“Here is Beth, photographed by her partner, Matthew Swarts. Of Beth we, meaning everybody except those who know this young woman in person, have a set of photographs and nothing else. What are we going to make of Beth now? What do these photographs tell us about her? What do they tell us about the photographer? What do they tell us about their relationship?
I don’t think there is a simple answer for any of these questions. This is exactly why the photographs are so compelling. In other words, Swarts’ selfishness has paid off. As a matter of fact, the picture at the very top obviously does not look like a straight photograph, and it isn’t. It’s a scan of a photograph emerging from a broken printer. Machines, of course, cannot be selfish (machines are always only stupid). But people using photographs coming out of broken machines can be.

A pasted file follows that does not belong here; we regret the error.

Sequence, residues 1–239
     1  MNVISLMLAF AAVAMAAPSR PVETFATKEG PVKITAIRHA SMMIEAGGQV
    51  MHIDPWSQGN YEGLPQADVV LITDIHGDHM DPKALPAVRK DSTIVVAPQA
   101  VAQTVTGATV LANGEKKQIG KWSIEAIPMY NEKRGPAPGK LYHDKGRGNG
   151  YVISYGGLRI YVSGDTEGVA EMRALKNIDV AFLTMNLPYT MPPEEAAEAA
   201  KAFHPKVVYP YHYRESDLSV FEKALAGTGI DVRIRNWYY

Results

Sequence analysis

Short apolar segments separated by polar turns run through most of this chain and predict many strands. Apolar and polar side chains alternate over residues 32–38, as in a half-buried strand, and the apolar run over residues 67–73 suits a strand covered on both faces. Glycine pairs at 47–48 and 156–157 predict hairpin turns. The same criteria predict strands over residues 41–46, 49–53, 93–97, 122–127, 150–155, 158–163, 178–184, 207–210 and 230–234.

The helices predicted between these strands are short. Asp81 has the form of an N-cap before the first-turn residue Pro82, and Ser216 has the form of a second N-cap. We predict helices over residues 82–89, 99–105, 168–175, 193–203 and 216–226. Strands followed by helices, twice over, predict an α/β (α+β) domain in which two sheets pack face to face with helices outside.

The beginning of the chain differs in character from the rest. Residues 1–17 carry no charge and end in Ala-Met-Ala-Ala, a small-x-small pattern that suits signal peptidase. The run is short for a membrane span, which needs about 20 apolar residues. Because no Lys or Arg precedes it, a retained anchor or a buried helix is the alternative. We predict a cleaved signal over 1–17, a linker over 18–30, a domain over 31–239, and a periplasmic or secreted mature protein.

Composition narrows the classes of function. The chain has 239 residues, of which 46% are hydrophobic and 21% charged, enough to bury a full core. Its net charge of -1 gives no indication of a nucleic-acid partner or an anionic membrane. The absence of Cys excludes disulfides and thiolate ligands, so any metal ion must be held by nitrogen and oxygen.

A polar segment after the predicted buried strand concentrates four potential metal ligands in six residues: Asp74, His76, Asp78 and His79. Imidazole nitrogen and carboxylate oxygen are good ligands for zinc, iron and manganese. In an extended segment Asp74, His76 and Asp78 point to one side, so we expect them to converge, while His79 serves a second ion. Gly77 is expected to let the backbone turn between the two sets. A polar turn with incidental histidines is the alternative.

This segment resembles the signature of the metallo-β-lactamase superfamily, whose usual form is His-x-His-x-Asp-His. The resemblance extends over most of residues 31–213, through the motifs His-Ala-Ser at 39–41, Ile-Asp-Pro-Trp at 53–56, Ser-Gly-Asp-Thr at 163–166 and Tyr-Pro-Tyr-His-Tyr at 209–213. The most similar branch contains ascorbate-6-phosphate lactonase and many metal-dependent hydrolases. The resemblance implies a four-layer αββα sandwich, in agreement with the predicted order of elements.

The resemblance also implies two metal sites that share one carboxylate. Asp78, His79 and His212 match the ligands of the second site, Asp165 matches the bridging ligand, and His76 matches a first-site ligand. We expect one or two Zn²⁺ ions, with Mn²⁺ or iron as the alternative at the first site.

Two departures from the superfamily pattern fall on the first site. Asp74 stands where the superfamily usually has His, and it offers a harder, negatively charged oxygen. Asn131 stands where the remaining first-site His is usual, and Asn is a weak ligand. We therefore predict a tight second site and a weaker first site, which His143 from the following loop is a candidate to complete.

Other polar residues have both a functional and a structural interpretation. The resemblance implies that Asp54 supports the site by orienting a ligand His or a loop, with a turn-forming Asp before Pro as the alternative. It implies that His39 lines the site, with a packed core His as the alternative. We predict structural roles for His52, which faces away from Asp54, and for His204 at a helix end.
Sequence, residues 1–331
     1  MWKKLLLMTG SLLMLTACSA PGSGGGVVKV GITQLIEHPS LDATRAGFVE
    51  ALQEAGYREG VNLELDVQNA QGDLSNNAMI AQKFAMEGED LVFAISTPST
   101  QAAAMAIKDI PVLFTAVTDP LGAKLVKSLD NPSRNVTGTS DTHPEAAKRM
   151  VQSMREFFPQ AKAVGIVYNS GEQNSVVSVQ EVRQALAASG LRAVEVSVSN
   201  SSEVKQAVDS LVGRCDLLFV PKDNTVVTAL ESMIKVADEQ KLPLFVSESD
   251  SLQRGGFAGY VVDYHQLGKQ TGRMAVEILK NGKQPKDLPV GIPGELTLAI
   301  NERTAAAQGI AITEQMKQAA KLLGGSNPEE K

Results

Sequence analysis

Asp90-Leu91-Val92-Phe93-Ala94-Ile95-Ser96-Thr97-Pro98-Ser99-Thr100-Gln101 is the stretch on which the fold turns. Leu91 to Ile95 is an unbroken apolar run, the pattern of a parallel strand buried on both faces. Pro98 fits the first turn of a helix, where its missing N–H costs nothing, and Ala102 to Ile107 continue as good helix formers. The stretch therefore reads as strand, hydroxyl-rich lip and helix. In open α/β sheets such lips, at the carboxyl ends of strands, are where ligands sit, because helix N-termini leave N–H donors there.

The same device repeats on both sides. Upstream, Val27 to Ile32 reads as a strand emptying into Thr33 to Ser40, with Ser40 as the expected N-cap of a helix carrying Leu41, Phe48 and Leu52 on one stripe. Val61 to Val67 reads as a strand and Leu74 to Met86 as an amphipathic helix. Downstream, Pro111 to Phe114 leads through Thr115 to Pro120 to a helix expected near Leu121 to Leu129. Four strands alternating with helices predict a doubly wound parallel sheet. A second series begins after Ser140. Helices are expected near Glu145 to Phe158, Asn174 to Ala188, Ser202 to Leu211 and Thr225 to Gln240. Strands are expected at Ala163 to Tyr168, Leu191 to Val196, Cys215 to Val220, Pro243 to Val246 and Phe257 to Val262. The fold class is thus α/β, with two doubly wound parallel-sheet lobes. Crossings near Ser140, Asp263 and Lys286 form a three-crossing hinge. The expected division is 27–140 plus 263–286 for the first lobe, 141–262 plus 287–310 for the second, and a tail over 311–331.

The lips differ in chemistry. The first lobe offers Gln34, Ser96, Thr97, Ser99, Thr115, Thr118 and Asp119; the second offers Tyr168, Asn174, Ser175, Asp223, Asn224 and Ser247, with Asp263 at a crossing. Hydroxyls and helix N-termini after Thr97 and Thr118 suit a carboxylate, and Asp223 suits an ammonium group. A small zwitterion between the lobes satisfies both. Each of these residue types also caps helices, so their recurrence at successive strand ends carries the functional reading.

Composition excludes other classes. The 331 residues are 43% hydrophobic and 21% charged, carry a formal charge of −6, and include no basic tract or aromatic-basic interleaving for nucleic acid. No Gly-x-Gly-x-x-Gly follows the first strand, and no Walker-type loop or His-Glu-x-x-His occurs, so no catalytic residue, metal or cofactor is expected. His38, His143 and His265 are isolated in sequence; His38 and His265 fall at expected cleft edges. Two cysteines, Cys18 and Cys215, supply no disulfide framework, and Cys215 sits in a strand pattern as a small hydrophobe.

And Beth, the project, shows how this all comes together, albeit in ways that have the process remain a mystery. That’s the other frustrating thing about portraiture: You will never learn it from other people, only from doing it yourself – however much was, is and will be written about it. These pictures show the same woman in a variety of ways that almost make it seem we’re looking at more than one person. Almost.
It is that “almost” that is crucial here, because in that “almost” lies the fact that while photography cannot literally depict someone’s inner state, it can still make a stab at it. Or rather: A photographer can make a stab at showing us her or (in this case) his idea of that other person’s inner state, which he has no direct access to, either (this is what makes life exciting – life on Vulcan must be perfectly boring).
In the end, what we are looking at then is not clear. All that added uncertainty is what defines photography. This is why machines will never be able to produce real art (the relentless hype by today’s tech fetishists notwithstanding): Machines don’t do uncertainty.”
Our sincerest and most kind thanks to Jörg Colberg for this generous feature!